Engineering students working on the ‘Internet of Things’

Denni Mackrill (left) and Mathew Potaczek (right) focused on developing sensor nodes that are more energy efficient, powerful and flexible than what is currently available on the market.

Denni Mackrill (left) and Mathew Potaczek (right) focused on developing sensor nodes that are more energy efficient, powerful and flexible than what is currently available on the market. 

Engineering undergraduates at the University of South Australia (UniSA) are working towards the future Internet of Things and improving programming technology.

Imagine a world with billions of small devices spread around you, collecting vital information for you to control and monitor machinery, appliances and processes in hospitals, industries, businesses and your own home. Or if you are a budding programmer, being able to more easily programme computer chips to control robots.

UniSA Bachelor of Engineering students Mathew Potaczek and Hugh Considine are working on such projects that are at the cutting edge of technology, contributing to the knowledge that will potentially shape the future of how we interact with our environment and solving current gaps in programming technology.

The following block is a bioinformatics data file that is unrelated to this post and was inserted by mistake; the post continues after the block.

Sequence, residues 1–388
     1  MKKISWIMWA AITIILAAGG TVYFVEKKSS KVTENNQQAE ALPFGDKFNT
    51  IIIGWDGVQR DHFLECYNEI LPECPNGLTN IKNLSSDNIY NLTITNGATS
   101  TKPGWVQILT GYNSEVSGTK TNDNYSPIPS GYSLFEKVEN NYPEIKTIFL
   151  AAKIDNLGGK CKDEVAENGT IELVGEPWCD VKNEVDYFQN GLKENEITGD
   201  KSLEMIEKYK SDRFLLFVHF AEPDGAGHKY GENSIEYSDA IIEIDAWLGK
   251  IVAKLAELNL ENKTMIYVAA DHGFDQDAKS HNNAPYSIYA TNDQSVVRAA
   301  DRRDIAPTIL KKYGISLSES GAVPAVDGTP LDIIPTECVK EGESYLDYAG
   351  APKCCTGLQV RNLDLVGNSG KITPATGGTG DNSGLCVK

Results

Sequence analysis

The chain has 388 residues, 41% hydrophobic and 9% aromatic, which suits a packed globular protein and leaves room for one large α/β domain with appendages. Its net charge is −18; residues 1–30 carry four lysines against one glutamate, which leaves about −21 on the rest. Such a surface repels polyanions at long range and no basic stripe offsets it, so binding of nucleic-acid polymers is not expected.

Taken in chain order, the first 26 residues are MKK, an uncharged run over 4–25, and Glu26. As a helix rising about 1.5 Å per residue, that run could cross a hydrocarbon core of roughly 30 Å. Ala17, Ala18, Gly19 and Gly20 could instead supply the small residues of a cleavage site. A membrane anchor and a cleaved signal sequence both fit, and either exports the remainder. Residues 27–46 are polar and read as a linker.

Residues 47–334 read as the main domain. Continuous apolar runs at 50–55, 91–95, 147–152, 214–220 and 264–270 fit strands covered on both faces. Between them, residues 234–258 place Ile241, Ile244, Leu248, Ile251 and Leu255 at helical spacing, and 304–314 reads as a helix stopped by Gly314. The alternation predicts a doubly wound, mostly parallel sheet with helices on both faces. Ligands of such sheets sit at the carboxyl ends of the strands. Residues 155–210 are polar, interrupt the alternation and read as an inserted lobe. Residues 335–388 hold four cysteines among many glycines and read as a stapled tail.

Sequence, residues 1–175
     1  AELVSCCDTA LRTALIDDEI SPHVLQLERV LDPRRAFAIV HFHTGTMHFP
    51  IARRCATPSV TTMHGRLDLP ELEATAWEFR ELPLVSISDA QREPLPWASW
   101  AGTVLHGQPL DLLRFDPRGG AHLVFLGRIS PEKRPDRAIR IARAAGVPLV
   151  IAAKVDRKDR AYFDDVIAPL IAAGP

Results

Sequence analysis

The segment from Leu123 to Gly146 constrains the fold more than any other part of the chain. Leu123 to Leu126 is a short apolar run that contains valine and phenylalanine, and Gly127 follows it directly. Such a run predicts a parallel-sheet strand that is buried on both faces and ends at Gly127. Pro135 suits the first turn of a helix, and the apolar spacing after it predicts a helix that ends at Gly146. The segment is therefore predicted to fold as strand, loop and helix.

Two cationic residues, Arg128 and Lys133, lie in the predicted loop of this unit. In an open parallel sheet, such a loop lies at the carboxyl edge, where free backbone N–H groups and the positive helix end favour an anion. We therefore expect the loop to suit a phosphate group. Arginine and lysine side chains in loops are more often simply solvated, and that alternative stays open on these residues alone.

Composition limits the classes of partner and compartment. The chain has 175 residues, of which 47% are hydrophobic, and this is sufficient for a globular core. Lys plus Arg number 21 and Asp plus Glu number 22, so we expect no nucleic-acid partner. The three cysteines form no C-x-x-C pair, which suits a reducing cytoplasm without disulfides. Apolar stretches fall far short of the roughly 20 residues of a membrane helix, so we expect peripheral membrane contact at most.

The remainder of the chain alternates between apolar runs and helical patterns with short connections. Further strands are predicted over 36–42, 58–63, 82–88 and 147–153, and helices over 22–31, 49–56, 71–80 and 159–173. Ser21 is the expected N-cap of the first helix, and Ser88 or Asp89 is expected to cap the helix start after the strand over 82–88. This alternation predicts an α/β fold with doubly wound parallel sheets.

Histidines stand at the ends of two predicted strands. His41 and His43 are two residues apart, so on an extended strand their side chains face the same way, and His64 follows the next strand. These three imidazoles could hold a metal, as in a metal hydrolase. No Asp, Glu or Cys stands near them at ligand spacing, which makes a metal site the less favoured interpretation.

Both students have recently won the 2014 IET Rex John Student Presentation Prize for their presentations in South Australia of their final year projects. The awards are given by the UK-based Institute of Engineering and Technology (IET) and are part of the state level final for the IET’s prestigious Present Around the World (PATW) competition.


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